8. For the background of his experiments, and later investigation by him and others, see Leonard K. Nash, “Plants and the Atmosphere,” Harvard Case Histories in Experimental Science, ed. James B. Conant and Nash (2 vols., Cambridge, Mass., 1957), II, 325–434.
9. Priestley’s final MS shows a great deal of reworking, and even then does not conform precisely to the printed version. We assume, for reasons explained below, that the extract from BF was among the additions, but when it was added cannot be established. See Douglas McKie, “Joseph Priestley and the Copley Medal,” Ambix, IX (1961), 1–22.
10. Schofield, Scientific Autobiog., pp. 12–14, 128–37.
1. The extract printed here and another, on p. 234 of the “Observations, from BF’s letter to Lining above, VII, 187–8.
2. We assume that BF was alluding to this line of investigation in his letter to Canton above, XVIII, 205.
3. The extract consists of two quotations from a single letter. It is impossible to date with complete confidence, because Priestley was vague in his references to the letter from which he took it, and because he ran two series of similar experiments, in August of 1771 and June of 1772, on mice and mint: a mouse was introduced into a jar of noxious air in which mint had been growing for a number of days; if the mouse survived, the mint had purified the air. After the successful August experiment, later ones were unsatisfactory; and Priestley did not resume them, apparently, until June 20, 1772, when he again started the mint growing. On the 23rd or 24th his visitors, BF and Pringle, admired it; on the 27th he introduced the mouse. “Observations,” pp. 193–6. The 1771 experiment was reported to BF and elicited the remark to Canton cited above; it may also have elicited the letter, now lost, containing this extract. But the way in which Priestley introduced the extract in his paper, and his placing it at the end of the long passage describing the two sets of experiments, suggest that it was BF’s comment on the completed series. If so it was in answer to Priestley’s letter above of July 1, with its report on the June experiment. We are therefore assigning the extract, on admittedly shaky ground, to 1772. BF returned to London from the north on July 14, and presumably acknowledged Priestley’s letter soon thereafter.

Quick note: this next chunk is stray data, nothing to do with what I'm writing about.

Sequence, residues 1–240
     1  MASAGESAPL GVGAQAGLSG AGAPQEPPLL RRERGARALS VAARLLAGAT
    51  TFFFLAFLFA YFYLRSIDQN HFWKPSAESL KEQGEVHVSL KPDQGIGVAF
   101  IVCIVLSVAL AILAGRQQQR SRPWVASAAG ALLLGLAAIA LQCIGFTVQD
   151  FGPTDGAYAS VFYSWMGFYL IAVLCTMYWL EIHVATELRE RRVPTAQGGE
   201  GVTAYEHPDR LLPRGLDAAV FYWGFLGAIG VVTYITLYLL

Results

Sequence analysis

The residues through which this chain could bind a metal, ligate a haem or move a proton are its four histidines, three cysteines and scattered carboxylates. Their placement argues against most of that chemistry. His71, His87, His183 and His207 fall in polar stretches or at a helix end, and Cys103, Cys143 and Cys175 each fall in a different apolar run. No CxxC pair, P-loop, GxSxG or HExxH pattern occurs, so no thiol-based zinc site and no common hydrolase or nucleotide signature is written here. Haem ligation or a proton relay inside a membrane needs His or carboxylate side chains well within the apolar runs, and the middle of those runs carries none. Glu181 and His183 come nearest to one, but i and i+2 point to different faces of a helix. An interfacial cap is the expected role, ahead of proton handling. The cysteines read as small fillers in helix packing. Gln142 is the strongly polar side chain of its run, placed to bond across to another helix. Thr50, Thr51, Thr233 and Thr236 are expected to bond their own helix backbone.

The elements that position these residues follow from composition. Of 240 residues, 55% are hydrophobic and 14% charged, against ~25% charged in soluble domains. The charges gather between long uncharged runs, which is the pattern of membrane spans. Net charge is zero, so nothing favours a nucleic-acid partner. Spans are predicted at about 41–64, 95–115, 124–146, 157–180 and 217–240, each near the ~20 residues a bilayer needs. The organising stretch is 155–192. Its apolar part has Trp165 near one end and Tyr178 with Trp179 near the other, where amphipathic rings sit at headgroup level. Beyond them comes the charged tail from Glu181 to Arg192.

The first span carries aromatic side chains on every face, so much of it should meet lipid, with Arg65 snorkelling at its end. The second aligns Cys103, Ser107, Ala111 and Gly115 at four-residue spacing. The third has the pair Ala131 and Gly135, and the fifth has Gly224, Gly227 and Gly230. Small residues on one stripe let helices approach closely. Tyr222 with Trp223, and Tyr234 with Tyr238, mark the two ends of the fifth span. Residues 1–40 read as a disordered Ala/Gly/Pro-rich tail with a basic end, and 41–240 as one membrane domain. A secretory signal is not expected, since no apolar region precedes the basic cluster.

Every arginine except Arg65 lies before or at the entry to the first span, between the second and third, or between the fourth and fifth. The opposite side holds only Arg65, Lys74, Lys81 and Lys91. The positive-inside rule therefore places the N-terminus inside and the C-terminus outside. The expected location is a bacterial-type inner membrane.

4. BF is responding to Priestley’s conjecture (“Observations,” p. 194) “that the putrid effluvium is in some measure extracted from the air, by means of the leaves of plants, and therefore that they render the remainder more fit for respiration.” We have deleted the phrase “he adds,” which may or may not indicate an excision in the text.